How is your pastoral leadership shaped by vision loss?
Early on in my ministry, I tried to minimize my limitations and resisted extra attention given to my disability. When a few years ago my condition worsened and I lost sight completely, I was forced to recognize and accept my limitations and challenges. Since then, I’ve come to see these challenges as ordained by my loving Heavenly Father.
In pastoral leadership, I’m learning the value of leading from a point of weakness instead of strength. It’s a rather uncommon leadership style, but -- imagine that -- it’s a Biblical concept! The Apostle Paul reminds us, “For in my weakness His strength is made perfect,” (2 Cor 12:19). Marsh Creek was aware of my disability when they called me to ministry. Because of their acceptance of my disability, I’ve been candid about my limitations. At times I’ve even become emotional with church members while discussing my eyesight loss. I believe this openness about my struggles has freed others to be at ease around me and helps people express their questions without fear of offending me.
How is your congregation enriched by your experience with disability?
Members of Marsh Creek Brethren in Christ Church
My own experience over the years has given me a greater appreciation and understanding of those who experience some form of physical or intellectual disability. When appropriate, my messages and teaching include illustrations, humorous or serious, about my disability and the daily challenges it brings. I hope this enables others to experience, explore, and accept their own disabilities and limitations.
I believe an upside to my disability is that it creates opportunities for other members of the church body to get involved in serving the Lord. Some traditional pastoral responsibilities assigned to a sighted pastor have been passed along to other individuals in my congregation. Church leaders assist me in serving communion, and when necessary, help by reading materials that I haven’t been able to scan and read prior to a meeting. Property maintenance and yard work are handled by a group of trustees. Can you picture me mowing the church lawn? Scary! Involving the congregation in these ways isn’t a burden, it’s a blessing.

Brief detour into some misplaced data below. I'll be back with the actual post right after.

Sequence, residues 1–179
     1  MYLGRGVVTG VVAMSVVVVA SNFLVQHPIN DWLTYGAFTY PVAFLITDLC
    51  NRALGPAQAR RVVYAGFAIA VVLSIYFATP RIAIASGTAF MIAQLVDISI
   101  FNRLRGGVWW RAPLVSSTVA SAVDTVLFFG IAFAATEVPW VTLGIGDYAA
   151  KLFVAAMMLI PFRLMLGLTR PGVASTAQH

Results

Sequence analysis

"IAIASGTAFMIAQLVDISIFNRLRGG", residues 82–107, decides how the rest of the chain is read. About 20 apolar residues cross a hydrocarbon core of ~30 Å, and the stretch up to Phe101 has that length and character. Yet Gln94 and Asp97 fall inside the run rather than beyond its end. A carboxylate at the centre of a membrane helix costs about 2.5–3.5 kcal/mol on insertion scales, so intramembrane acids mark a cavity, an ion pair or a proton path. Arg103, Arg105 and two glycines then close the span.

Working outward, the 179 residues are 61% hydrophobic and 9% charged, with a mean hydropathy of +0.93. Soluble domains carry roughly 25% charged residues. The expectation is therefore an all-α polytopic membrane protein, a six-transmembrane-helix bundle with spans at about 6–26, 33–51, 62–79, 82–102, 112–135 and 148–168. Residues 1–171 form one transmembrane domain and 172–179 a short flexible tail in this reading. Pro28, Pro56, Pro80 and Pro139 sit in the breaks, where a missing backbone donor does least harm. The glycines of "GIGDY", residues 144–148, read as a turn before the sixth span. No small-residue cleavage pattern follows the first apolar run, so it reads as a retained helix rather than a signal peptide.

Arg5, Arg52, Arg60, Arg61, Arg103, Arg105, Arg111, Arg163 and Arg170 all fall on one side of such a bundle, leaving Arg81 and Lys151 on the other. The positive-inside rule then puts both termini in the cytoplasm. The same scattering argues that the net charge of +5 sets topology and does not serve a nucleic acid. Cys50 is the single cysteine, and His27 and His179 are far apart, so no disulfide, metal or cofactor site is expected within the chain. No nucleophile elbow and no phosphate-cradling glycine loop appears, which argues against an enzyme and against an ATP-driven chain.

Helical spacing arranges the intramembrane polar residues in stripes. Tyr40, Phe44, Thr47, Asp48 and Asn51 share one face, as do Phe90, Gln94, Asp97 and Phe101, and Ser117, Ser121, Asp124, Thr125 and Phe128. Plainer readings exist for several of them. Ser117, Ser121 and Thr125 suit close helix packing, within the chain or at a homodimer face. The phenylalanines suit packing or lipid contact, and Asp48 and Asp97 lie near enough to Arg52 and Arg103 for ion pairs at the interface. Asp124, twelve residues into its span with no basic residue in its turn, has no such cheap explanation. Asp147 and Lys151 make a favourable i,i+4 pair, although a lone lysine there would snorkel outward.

Oh yes. There have been difficult and frustrating experiences in performing my role as pastor with low vision and now, blindness. But even these difficulties have turned out to be opportunities for me to learn, trust, and depend on God.
How do you recommend fostering a church climate of sensitivity to disability?
Learning to be sensitive to the needs of those with disabilities takes time, alertness, and compassion. A first step toward being a sensitive congregation is to observe and listen. Often out of fear, a person may attempt to hide their disability. It takes a gentle and observant community of people to draw a person out of their fears and into participation.
So what can your church do? First, form a small, trusted group to attend to the extra needs of the individual with a disability. Providing them a natural source of support will help to integrate the individual in a non-threatening way. Second, incorporate activities into congregational life that sensitizes the whole church to disability awareness. For example, try an activity that simulates the experience of someone with a disability by using blindfolds, earmuffs, crutches or a wheelchair. Foster sensitivity by creating understanding and compassion for the experience of disability. Third, as much as possible, find ways to include individuals with disabilities in your worship services, leadership teams, and planning committees. Allow your services and gatherings to be shaped by their input and gifts.
Most importantly, don’t be afraid of a member/attender who has a disability. Treat them as you would anyone else within your congregation. Personally, I am not offended when people ask,” Did you see this” or “Watch this”. Awkward words or encounters are far less harmful than leaving a person out of a conversation, activity, leadership, or church community.
Dan Longmore has been a pastor for over twenty years and has been at Marsh Creek Brethren in Christ Church of Howard, PA, for nearly twelve years. Dan welcomes your comments, questions, and thoughts. Please visit the Contact Us page to be connected with him.
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